The Grape of Wrath

There are times when I wonder what life would be like without the gustatory pleasure of barbeque, but from the looks of it, I don’t think I will ever have to find out! I was at work, sitting in my car in the middle of a windless night. I was listening to the crickets as I consumed a delicious pork sandwich. The sweet and tangy barbeque sauce tantalizing my taste buds, my teeth pulling apart layer upon layer of deliciously stringy and fatty pig intestine, my mouth was in a state of what could have been called – from a very Gentile and hedonistic perspective – “heaven.” With endorphins of delight released like Venezuela Falls from my temporal lobes, I was savoring every moment of it. Then, in a flash, I was rudely interrupted by my own diaphragm.

Inhaling at precisely the wrong moment, my dinner sent me into a coughing, chest-pounding fight to dislodge the swine’s flesh that had just taken up residence in my windpipe. It wasn’t long before my airway was freed of its obstruction and life went on as normal. The only lasting effect from the scary event was getting yet another reminder that the universe in which I live is not my friend, but my enemy.

Every natural thing with which we humans have to do has a deadly side to it. Death is only one step away from any of us at any particular time—and it is time itself that allows for our growth, healing, and maturity, but on the same note, gives us arthritis and kills us. We learn to go through our anally cautious lives, reading warning labels, checking the expiration dates on packages of food, holding onto banisters as we traverse a flight of stairs, looking both ways before we cross a street, and signaling before we reservedly change lanes on the express way. When we head outside, we spray ourselves with OFF bug spray to avoid getting West Nile Virus from infected mosquitoes. And yes, a good portion of us live long enough to learn to chew our food extra slowly to keep from choking on it because of the dangerous way in which evolution has jimmy-rigged our tracheas!

No matter where we look, the entire world stands ready to kill us—and the aforementioned are not even a fraction of the list of deadly things on this planet of ours. We haven’t begun to consider the woes of spaceflight; the poisonous gases that are plenteous on lifeless worlds afar, like methane and ammonia, brutal temperature extremes, crushing gravity, and deadly radiation that would cause us to literally rot on our feet…they are all out there, standing ready – like a well-funded assassin with a shiny, new rifle – to send us back to the cold elements of our origins. It’s as though the entire world hates us. Life on our planet is like a “bubble boy” or girl, who is forced to live out his or her existence quarantined due to a defective immune system; only one little blue bubble called Earth is habitable for us—and even inside our small, accommodating bubble we are met with frightening hostilities.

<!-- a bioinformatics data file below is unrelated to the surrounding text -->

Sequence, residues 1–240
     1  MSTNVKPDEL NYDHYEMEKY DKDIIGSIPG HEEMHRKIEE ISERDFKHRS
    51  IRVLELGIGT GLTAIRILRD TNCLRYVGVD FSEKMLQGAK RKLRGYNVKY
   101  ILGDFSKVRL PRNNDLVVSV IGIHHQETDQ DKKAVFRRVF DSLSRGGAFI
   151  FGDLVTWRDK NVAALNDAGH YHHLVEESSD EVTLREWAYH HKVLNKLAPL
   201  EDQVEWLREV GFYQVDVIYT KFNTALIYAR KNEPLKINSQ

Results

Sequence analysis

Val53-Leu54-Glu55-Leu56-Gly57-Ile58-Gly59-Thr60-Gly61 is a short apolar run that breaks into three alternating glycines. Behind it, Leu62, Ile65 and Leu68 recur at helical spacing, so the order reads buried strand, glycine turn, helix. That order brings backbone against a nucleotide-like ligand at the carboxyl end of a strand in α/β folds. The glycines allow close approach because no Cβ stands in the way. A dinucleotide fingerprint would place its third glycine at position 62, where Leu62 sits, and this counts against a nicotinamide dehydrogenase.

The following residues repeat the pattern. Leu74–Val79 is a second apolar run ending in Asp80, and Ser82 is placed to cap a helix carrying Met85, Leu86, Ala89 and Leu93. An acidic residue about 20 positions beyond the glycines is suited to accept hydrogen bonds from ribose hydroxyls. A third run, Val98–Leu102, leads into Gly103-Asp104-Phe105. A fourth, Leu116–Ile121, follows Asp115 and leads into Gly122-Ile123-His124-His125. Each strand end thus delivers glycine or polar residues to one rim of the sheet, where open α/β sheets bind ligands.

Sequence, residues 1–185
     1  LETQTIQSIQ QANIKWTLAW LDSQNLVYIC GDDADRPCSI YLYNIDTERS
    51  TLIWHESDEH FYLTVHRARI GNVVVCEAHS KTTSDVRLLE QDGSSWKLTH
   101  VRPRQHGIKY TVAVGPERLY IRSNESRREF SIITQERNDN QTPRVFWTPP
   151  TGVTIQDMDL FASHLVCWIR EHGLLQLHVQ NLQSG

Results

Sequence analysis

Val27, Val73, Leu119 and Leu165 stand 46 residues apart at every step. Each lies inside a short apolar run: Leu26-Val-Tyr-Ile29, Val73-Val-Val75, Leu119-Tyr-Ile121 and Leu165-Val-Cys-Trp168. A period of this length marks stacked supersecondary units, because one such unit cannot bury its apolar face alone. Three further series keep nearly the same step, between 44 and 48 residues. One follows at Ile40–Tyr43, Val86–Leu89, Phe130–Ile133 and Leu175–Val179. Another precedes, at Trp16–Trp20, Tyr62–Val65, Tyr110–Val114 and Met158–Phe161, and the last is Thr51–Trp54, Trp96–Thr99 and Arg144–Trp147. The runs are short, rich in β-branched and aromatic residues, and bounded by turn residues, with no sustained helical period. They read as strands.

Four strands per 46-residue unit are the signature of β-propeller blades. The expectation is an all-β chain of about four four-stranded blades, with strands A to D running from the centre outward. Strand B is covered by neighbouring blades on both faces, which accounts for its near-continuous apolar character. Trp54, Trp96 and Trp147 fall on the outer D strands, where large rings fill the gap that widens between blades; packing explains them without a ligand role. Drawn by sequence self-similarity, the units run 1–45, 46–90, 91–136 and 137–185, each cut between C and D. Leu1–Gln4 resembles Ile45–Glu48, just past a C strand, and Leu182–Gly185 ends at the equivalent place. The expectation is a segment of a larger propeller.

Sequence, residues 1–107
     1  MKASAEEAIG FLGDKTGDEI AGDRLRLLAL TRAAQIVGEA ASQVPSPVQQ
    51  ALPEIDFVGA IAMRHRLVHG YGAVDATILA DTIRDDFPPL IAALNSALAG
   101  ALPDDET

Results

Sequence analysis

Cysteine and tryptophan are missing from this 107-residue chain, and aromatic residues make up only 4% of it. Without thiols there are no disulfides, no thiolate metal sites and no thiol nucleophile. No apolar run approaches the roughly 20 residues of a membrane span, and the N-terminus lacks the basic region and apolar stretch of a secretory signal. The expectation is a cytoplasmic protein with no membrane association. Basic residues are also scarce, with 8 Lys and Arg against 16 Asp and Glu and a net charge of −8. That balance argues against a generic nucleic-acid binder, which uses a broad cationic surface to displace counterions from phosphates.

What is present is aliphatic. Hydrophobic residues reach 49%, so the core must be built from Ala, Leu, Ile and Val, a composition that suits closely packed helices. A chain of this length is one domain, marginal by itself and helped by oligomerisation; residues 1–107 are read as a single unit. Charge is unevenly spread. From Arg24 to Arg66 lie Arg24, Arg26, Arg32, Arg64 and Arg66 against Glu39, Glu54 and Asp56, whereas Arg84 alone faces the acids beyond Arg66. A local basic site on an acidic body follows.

Believers want us to see this world (and even more amazingly, the
universe in its entirety!), as a colony for soul-making and worship.
But our world is more like a bandana-wearing gang of street thugs from a crappy, 1980s karate flick, where big-haired fighters seek to attack their opponents without cause. The abounding death, the random showering of tragedy, the needless waste on a cosmic scale, these are the things that surround us—hardly an environment for soul-making and worship.

Atheist or not, we two-legged bovines carry on through the daily regime with fears of potential disasters in the back of our minds—and we don’t miss a beat! We don’t let our children out in the front yard alone to prevent their being abducted by some gaunt sicko in a Camel cigarettes baseball jersey, driving a yellow, ‘79 Trans Am. We are constantly aware of our little ones trying to stick something metal into electrical outlets, or what babycakes might yank off a hot stovetop and onto themselves, resulting in third degree burns. Police, fire, and emergency medical services will never want for business in our “Shit Happens” world.